UN Chronicle - Open Access and Closed Minds: Balancing Intellectual Property and Public Interest in the Digital Age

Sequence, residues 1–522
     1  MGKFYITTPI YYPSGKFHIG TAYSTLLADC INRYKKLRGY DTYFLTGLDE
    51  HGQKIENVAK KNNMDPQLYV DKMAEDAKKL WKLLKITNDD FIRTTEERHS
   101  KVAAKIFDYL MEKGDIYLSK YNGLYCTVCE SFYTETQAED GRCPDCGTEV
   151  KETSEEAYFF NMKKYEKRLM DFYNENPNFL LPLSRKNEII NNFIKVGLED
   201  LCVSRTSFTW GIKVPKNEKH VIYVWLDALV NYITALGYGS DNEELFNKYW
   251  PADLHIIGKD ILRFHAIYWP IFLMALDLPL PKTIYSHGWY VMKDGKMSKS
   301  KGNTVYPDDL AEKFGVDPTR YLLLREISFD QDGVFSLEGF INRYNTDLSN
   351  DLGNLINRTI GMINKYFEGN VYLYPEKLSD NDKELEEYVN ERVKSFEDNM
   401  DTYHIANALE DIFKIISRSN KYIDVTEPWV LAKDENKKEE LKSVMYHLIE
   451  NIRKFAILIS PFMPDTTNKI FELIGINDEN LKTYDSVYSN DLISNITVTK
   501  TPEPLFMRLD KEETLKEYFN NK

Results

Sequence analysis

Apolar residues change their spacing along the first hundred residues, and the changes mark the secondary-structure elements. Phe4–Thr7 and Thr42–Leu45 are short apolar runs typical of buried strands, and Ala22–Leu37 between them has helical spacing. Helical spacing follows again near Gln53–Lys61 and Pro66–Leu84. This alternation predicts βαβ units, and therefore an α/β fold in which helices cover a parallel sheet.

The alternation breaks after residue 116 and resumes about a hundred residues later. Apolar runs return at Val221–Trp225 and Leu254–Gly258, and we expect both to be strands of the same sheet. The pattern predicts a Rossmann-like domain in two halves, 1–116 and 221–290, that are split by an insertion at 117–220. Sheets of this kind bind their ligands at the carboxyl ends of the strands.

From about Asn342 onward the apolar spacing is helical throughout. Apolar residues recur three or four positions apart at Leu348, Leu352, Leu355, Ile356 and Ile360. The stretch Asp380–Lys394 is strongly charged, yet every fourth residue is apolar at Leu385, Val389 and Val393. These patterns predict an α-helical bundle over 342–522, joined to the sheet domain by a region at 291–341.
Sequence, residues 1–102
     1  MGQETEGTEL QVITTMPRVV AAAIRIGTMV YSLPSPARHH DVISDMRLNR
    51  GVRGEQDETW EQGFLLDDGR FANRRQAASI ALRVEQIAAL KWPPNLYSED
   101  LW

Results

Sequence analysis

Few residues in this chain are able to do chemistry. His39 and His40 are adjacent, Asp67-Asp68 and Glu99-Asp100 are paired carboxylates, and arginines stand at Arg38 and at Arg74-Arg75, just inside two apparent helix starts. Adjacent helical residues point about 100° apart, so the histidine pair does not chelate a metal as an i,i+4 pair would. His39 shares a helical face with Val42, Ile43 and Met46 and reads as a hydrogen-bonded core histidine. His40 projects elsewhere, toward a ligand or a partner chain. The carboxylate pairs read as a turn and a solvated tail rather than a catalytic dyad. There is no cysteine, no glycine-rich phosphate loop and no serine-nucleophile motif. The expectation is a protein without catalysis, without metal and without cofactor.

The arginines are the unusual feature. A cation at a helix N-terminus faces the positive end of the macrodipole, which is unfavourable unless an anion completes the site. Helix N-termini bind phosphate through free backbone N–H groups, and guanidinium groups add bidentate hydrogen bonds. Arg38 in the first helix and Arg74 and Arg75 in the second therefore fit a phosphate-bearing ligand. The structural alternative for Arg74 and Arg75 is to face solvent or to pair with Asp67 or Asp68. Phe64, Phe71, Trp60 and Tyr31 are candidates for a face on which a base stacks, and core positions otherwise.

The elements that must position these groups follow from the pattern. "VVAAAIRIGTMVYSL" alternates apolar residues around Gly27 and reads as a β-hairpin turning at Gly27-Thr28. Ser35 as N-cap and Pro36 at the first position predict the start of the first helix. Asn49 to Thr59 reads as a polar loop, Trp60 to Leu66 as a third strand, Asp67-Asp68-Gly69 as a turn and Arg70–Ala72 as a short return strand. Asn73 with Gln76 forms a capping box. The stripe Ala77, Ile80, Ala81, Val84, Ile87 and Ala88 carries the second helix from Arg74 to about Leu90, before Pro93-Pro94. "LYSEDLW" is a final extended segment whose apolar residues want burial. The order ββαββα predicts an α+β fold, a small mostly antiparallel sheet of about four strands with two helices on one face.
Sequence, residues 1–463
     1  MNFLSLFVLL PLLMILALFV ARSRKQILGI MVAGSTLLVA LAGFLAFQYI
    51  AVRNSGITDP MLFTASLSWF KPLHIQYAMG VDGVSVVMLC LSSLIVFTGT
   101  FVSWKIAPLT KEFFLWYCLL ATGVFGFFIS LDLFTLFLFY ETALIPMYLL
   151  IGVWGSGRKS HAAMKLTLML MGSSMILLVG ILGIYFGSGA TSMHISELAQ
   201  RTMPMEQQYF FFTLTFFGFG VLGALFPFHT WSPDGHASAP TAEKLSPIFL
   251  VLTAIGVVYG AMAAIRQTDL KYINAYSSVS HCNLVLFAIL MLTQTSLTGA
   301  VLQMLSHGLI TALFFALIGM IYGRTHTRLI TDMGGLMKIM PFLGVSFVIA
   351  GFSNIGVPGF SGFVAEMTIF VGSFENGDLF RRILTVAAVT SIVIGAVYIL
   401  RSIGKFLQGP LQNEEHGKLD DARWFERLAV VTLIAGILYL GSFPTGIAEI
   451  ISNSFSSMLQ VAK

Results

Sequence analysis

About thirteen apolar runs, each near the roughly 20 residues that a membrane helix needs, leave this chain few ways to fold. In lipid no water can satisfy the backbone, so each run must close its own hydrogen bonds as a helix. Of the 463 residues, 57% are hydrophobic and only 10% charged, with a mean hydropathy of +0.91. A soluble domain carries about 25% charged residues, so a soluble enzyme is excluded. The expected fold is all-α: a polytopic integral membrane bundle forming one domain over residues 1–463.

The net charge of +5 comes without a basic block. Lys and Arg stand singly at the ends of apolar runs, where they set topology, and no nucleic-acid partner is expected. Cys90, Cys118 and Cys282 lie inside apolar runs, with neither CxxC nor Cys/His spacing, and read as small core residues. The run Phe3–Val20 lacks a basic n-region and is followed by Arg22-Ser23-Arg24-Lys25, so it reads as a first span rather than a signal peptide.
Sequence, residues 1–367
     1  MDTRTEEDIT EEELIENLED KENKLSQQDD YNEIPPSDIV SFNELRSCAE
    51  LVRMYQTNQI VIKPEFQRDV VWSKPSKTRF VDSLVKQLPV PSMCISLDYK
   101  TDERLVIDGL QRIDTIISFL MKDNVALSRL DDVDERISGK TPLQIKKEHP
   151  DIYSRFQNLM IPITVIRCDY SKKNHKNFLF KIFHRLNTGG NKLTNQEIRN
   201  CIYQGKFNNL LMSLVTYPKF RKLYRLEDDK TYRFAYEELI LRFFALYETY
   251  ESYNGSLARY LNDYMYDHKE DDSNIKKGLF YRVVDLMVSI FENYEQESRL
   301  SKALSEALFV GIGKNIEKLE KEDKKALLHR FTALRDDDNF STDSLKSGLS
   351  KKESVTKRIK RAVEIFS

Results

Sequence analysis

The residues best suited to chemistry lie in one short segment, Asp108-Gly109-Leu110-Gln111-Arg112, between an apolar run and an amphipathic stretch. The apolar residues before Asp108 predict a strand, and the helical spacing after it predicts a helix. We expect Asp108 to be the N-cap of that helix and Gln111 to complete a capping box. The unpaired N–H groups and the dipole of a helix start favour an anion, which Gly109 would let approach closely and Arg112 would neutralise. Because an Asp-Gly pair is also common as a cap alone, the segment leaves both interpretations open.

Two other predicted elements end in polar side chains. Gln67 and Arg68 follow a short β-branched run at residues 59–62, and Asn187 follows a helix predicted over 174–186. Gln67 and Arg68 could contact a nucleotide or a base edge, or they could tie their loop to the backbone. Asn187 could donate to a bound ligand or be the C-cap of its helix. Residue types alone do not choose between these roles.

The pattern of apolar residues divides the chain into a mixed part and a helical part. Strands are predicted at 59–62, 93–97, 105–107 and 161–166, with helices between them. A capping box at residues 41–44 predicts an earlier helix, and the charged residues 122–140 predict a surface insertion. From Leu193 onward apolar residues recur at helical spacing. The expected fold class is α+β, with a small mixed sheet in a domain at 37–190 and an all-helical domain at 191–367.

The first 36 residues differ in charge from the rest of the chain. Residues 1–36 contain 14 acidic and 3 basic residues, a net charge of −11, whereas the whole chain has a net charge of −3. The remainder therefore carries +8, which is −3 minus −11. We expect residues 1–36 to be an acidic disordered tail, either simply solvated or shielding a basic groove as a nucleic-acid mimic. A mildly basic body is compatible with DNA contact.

"Nearly a decade ago, South Africa based British documentary producer Neil Curry made an extraordinary film, The Elephant, the Emperor and the Butterfly Tree about the complex ecosystem around Africa’s mopane woodland. This engaging tale won many awards in leading environmental and natural history film festivals. Having spent several months in Botswana researching and filming the story, Neil wanted to take the film back to where it was shot. He knew that the wildlife parks and schools in the area could use the film to educate the local people and visitors. However, there was one problem: the British Broadcasting Corporation (BBC) Natural History Unit, which had funded the film and thus owned the copyright, would not share it. For two years, Neil’s request for a single DVD copy for use in Botswana was passed around within its bureaucracy until he gave up.1 This is not an isolated incident, and the BBC is not the only culprit. Every year, vast amounts of public or philanthropic funds are spent on making hundreds of documentaries and TV programmes on various environmental, development and social issues. These are typically aired a few times; some are also screened at film festivals or released on DVD. Most are locked up in broadcast archives and never seen again. That is such a missed opportunity. Many factual films have a long shelf life and can be very useful in education, advocacy and training, especially in the developing world where such resources are scarce. But the broadcast industry—in both the global North and South—has no culture of sharing. Even when individuals are eager to let their creations be used widely, institutional policies often stand in the way. Communicating for social change is an incremental process. Despite television being the world’s most pervasive medium, broadcasts alone cannot accomplish this. Our experience in developing Asia shows that narrowcast outreach in classrooms and other small groups is often more effective. However, clearing non-broadcast rights -is a major struggle... In September 2006, at the United Nations Fifty-ninth Annual DPI/NGO Conference in New York, I urged all broadcasters—public and commercial—to let go of their development related television content after initial airing, and to allow educational and civil society groups access to their archives. I proposed that broadcasters treat poverty and development as a ‘copyrights free zone’ ..."